BOWES, Talbot (1560-1638), of Frenchgate, Richmond, Yorks. and Chelsea, Mdx.; formerly of Eggleston Abbey, Yorks.; later of Streatlam Castle, co. Dur.

Published in The History of Parliament: the House of Commons 1604-1629, ed. Andrew Thrush and John P. Ferris, 2010
Available from Cambridge University Press



Family and Education

b. 1560, 6th s. of Sir George Bowes† of Streatlam and 2nd w. Jane, da. of Sir John Talbot of Grafton, Worcs.1 educ. G. Inn 1579.2 m. 12 May 1589,3 Agnes, da. and h. of Thomas Warcopp† of Smardale, Westmld. s.p. suc. mother in Yorks. estates 1599; half-bro. Sir William Bowes† in half of Streatlam estate 1611-13;4 kntd. 23 Apr. 1617.5 d. 14-15 Mar. 1638.6 sig. Talbot Bowes.

Offices Held

J.p. Yorks. (N. Riding) c.1592-1606, co. Dur. 1614-25;7 commr. musters, N. Riding 1595, 1600, recusants 1596;8 head burgess, Richmond by 1600-d., alderman (mayor), 1600-1, 1624-5;9 treas. hospitals, N. Riding 1600-1;10 commr. sewers N. Riding 1604;11 constable, Barnard Castle, co. Dur. and ranger (jt.), Teesdale Forest 1611-?d.;12 commr. border malefactors 1618, 1619.13


The Bowes family claimed to have arrived in England with the Breton contingent of William the Conqueror’s army, although the real founder of the family’s fortunes was Adam Bowes, chief justice in eyre, who acquired Streatlam Castle by marriage in 1310.14 His descendants prospered as lawyers and soldiers, though the location of their main estates within the bishopric meant that none, with the possible exception of the Adam Bowes returned for Appleby in 1362, appear to have sat in Parliament before Sir Robert Bowes†, master of the Rolls under Edward VI. Much of the estate, together with lands at Cowton and Aske in Richmondshire, was inherited by Sir George Bowes of Streatlam, a soldier who defended Barnard Castle against the 6th earl of Westmorland’s rebel forces in 1569,15 and was eulogized after his death as ‘the surest pillar Her Majesty had in these parts’.16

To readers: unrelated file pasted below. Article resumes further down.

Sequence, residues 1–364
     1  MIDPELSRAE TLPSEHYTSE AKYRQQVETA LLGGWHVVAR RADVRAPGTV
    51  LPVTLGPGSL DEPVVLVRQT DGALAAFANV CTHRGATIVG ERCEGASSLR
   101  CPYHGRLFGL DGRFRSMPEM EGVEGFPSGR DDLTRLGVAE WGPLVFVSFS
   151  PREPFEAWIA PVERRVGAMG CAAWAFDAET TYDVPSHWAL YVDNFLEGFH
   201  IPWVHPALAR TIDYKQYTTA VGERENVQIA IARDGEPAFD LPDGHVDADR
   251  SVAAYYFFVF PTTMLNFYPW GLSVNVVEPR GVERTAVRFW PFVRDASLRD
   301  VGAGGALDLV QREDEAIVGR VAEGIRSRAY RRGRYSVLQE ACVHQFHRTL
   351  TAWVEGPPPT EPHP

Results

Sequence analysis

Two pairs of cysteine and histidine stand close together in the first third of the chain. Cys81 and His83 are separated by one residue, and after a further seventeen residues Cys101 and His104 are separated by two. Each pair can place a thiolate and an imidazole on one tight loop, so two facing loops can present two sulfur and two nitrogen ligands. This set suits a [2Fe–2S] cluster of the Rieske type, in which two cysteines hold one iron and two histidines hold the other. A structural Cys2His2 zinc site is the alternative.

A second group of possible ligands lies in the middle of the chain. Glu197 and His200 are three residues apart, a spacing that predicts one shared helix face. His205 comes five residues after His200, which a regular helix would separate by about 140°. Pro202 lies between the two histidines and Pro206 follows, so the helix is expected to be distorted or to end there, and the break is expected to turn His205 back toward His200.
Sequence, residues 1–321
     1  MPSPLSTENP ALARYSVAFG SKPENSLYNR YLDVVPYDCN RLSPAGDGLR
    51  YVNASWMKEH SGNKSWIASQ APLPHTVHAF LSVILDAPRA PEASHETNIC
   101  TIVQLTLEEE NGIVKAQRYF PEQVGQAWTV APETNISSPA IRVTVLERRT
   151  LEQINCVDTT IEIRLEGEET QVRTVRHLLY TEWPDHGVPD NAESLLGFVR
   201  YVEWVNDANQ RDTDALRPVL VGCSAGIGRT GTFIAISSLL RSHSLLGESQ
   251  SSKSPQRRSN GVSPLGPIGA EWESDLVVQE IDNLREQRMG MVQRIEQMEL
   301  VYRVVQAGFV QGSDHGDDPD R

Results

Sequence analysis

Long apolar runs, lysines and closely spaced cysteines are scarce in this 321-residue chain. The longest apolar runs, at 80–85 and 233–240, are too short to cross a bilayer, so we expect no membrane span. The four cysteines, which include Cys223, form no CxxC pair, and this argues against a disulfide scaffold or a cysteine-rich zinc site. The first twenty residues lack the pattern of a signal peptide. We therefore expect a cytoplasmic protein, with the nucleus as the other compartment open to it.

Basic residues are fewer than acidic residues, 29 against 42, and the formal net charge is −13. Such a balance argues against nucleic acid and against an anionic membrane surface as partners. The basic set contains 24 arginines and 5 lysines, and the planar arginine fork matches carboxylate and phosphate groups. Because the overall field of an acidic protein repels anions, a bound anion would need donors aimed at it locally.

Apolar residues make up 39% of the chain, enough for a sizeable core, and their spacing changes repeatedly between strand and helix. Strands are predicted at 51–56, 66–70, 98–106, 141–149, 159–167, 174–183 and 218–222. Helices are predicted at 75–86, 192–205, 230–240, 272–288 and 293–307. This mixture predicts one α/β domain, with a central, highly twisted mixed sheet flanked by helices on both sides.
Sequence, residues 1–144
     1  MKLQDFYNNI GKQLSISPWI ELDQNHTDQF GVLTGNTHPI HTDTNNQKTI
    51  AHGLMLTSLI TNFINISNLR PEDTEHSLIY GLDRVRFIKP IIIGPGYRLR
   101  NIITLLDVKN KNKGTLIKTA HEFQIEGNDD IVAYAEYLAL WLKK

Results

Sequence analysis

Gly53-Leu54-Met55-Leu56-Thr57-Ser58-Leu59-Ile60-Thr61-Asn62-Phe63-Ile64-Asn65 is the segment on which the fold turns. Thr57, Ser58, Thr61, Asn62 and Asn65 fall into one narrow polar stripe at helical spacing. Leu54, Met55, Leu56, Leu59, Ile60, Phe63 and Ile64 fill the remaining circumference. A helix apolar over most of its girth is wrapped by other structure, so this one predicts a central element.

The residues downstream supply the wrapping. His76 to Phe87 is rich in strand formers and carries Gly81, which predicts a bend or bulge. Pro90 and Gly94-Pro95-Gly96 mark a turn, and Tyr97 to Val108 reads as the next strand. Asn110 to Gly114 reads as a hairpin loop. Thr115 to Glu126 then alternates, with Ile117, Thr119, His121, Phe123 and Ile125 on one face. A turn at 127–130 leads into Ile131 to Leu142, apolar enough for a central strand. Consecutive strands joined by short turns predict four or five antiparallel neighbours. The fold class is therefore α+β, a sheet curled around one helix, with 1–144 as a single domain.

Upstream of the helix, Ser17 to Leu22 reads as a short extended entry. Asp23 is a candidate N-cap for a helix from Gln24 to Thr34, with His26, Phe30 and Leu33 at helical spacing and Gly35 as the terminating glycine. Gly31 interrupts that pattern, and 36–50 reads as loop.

Sir George’s standing was underlined by his second marriage to Jane Talbot, a relative of the earls of Shrewsbury, at whose insistence, Bowes purchased the Yorkshire manors of Mickleton and Lune in 1561 to provide a jointure estate for his wife and an inheritance which was to pass to her sons in preference to those of his first marriage.17 At the time of the Northern rising he added much of his main estate at Streatlam to his wife’s jointure: the reversion was to come to his eldest son, Sir William Bowes†, and the latter’s heirs male in succession. Sir George’s younger sons, including any yet unborn, were granted a reversion in their turn, but the remainder on the inheritance was limited to the first son of each of these younger sons. This unusual arrangement may have originated as a drafting error, but, left uncorrected, it was to set the two halves of the family at odds 40 years later.18

Talbot Bowes was first noticed in family affairs in 1583, when he was named as a trustee for the jointure estates of his sister Anne upon her marriage to Thomas Hilton. By the early 1590s, as his mother’s eldest surviving son, he was living at Egglestone Abbey, near her Yorkshire jointure estates, where he may have been involved in the running of the family’s lead mines.19 It was during this time that he was first returned for Richmond, presumably through the agency of his uncle Robert Bowes†, who lived at Aske, a mile to the north of the borough. Bowes was himself resident within the borough at the general election in 1597, but his dying uncle presumably failed to give him any support, and he did not sit again until 1601, by which time he was a member of the corporation and had served a term as alderman (mayor).20